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Food, Health, and Eco-news
Are there health benefits in your spice cabinet?
Cinnamon may aid blood sugar, blood pressure, and more 04/09/2020 by Temma Ehrenfeld

In medieval times, people considered cinnamon a basic medicine.

When the Black Death descended on Europe in 1348, doctors at the University of Paris advised the French to boil their meat in a soup featuring two kinds of cinnamon, wine, and vinegar, to use cinnamon in their sauces, and carry incense pouches containing cinnamon, along with pepper and other spices.

Unfortunately, but unsurprisingly, the common kitchen spice couldn’t defeat the still-unidentified microbe(s) that killed millions worldwide during those dark days.

Nearly 700 years later, scientists with more reasonable expectations have been studying the potential therapeutic and preventive effects of cinnamon on chronic conditions ranging from diabetes and high blood pressure to dementia and cancer.

Is there a strong case for cinnamon supplements? Not yet. The National Center for Complementary and Integrative Health, a division of the National Institutes of Health, has concluded, “Studies done in people don’t support using cinnamon for any health condition.”

But — like many other culinary herbs and spices — cinnamon is a genuine superfood that exerts substantial anti-microbial, anti-oxidant and anti-inflammatory effects. And preliminary lab and clinical evidence suggests that cinnamon can stabilize blood sugar and blood pressure levels, and thereby help us achieve optimal health.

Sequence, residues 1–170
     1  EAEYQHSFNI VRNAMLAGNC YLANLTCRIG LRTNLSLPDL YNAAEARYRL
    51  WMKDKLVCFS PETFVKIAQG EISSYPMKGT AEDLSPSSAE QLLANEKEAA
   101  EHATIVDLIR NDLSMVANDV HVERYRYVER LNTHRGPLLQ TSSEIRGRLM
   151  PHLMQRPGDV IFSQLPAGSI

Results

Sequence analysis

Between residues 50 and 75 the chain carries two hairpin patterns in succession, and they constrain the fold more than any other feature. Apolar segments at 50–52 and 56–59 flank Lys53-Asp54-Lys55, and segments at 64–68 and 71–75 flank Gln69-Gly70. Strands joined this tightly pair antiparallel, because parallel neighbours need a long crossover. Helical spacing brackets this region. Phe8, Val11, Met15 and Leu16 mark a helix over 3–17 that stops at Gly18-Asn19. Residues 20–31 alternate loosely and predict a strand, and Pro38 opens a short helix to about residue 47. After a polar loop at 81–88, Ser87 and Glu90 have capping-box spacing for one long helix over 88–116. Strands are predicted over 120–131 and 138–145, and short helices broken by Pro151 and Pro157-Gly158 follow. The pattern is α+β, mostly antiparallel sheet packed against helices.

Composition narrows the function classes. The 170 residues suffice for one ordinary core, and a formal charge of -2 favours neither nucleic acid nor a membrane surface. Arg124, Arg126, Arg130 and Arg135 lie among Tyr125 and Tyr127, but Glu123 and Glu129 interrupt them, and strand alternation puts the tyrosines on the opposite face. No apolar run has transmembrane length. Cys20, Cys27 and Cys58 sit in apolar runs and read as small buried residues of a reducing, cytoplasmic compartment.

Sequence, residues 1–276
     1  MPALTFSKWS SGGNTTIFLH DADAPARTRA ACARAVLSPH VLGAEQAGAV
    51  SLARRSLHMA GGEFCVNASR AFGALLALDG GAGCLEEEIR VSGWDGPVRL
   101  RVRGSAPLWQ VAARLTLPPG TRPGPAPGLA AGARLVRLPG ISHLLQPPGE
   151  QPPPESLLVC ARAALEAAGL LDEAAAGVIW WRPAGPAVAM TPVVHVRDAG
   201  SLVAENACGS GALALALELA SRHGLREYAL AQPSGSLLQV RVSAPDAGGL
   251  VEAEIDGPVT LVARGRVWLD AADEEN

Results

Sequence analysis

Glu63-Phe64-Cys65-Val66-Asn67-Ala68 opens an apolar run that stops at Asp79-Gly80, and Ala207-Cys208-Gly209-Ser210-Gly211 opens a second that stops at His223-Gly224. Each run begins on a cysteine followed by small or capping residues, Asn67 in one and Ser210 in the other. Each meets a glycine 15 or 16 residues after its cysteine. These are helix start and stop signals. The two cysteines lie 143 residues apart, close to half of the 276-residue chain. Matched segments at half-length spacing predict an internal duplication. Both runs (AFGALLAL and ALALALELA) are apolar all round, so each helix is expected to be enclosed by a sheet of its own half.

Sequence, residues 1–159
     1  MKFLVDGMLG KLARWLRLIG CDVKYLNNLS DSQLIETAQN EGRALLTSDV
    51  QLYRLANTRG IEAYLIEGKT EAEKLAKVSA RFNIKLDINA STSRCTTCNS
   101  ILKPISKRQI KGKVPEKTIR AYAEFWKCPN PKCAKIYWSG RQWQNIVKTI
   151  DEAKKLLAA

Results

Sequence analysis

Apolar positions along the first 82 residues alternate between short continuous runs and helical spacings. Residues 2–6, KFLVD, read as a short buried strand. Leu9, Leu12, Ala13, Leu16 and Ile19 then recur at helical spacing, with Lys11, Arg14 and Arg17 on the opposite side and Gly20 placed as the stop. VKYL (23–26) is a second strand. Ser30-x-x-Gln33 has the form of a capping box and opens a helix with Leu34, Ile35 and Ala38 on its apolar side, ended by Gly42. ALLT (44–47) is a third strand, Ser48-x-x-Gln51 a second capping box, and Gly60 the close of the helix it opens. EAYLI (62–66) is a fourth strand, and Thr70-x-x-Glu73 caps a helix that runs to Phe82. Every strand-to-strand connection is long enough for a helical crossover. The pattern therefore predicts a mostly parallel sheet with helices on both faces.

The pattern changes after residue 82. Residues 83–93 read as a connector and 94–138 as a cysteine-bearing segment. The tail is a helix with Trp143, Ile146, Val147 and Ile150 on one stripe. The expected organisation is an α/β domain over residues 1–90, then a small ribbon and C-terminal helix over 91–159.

Here’s what the research shows about cinnamon, so far.

Diabetes: Big potential, but clinical findings are mixed

Of its possible benefits, cinnamon’s anti-diabetic effect is clearest.

Cinnamon appears to slow the breakdown of carbohydrates in the digestive tract and can stimulate cells to absorb glucose, thereby acting a bit like insulin, but more slowly and modestly. Sri Lankan (or Ceylon) cinnamon — whose scientific name is C. zeylanicum — may be most effective in that regard.

In a 2012 meta-analysis-type review of the available research, scientists probed 16 animal studies that had tested the anti-diabetic effect of Ceylon cinnamon, and concluded that it displayed a wide range of benefits — weight loss, lower blood sugar levels, higher blood levels of “good” HDL cholesterol and circulating insulin, and protection against diabetes-related pain and kidney damage.